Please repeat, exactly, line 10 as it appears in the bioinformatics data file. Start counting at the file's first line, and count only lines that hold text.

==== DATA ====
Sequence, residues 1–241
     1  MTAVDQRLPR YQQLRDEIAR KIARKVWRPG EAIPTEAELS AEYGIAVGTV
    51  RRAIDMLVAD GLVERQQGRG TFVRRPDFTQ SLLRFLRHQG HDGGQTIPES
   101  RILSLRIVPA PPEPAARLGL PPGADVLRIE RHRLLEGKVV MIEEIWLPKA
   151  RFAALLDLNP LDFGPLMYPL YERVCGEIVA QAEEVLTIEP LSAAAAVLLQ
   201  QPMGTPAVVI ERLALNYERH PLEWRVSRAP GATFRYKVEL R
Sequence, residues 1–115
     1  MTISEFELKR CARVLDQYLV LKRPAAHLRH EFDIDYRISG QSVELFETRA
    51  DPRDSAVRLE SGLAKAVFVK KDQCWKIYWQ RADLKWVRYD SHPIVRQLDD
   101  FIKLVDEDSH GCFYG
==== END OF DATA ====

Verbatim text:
   101  FIKLVDEDSH GCFYG